North Korea said Sunday it was confused by U.S. policy toward the reclusive communist state, but did not rule out returning to six-nation negotiations over its nuclear weapons program.
The cryptic statement appeared to be a potentially positive development, considering the fairly diplomatic tone that contrasted with the North's recent vitriolic rhetoric against the United States, accusing the Bush administration of plotting to attack to overthrow its government.
Citing differences between Washington's public and private statements, North's official Korean Central News Agency quoted a Foreign Ministry s spokesman as saying Pyongyang "will continue to closely watch the U.S. side's attitude, and when the time comes we will officially deliver to the U.S. side our position through the New York contacts."
The spokesman reaffirmed North Korea's commitment "to peacefully resolve the issue through dialogue and negotiations."
"We have shown utmost patience until now for the talks to succeed," he said.
The U.S. State Department had no immediate comment.
Seeking to resume talks
The statement, monitored by South Korea's Yonhap news agency, comes amid a flurry of efforts to get North Korea back to the nuclear bargaining table following its announcement two weeks ago that it has removed 8,000 fuel rods from a reactor, a step toward extracting weapons-grade plutonium.
The State Department sent envoys to Pyongyang's office at the U.N. on May 13. It said the meeting did not include negotiations and only involved restating Washington's position on nuclear non-proliferation within the context of the six-party talks that have been stalled since last June.
The North Korean Foreign Ministry spokesman said U.S. officials reaffirmed recognition of the North's sovereignty and said it would not attack. But the spokesman complained that some U.S. administration officials were still making remarks that "threaten" his country.
"If the United States sincerely wants to resolve the issue through the six-party talks, it should move in the direction to actually make conditions and atmosphere so that the talks can open," the spokesman said.
The North Korean spokesman said various remarks by U.S. officials only "confuse" what the U.S. position is when it is "cautiously considering" the U.S. position.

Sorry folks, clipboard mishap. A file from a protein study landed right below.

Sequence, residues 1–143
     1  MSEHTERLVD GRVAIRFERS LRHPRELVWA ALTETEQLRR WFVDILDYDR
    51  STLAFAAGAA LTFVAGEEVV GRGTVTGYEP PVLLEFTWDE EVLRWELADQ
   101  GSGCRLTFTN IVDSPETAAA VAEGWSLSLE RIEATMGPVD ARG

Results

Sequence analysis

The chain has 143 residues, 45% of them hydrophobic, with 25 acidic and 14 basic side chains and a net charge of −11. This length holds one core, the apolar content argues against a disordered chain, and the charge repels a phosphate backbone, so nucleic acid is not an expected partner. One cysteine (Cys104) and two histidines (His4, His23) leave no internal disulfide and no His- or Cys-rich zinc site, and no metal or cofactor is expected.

The North has demanded that the United States end its "hostile policy" and apologize for U.S. Secretary of State Condoleezza Rice calling it an "outpost of tyranny" in January.
Rice said earlier this month that "the United States, of course, recognizes that North Korea is sovereign." But Washington's chief envoy on North Korea, Christopher Hill, said during a visit to Seoul last week that a nuclear test by Pyongyang would provoke unspecified action.
Japanese officials have indicated a nuclear test would spark them to seek U.N. sanctions, which the North has called tantamount to a declaration of war.
Last week, the North and South held their first face-to-face talks in 10 months. While South Korean officials were unable to convince the North to include some mention of the nuclear issue in a final joint statement, Pyongyang did agree to work toward peace on the Korean Peninsula and set a date for a followup Cabinet-level meeting next month.
The North may be driven by a critical need for aid.
A North Korean cargo ship arrived in South Korea on Sunday to pick up fertilizer for the impoverished country -- the first such vessel from the isolated communist regime to dock here in 21 years.
The North Korean ship traveled to the southeastern port of Ulsan after Seoul last week agreed during their bilateral talks to give 200,000 tons of fertilizer to the North.
South Korea began shipping the fertilizer Saturday when trucks crossed the heavily militarized border separating the two Koreas. Officials said the shipments will be completed by June.
North Korea has been dependent on outside aid since the 1990s, when more than 1 million people are estimated to have died from famine there.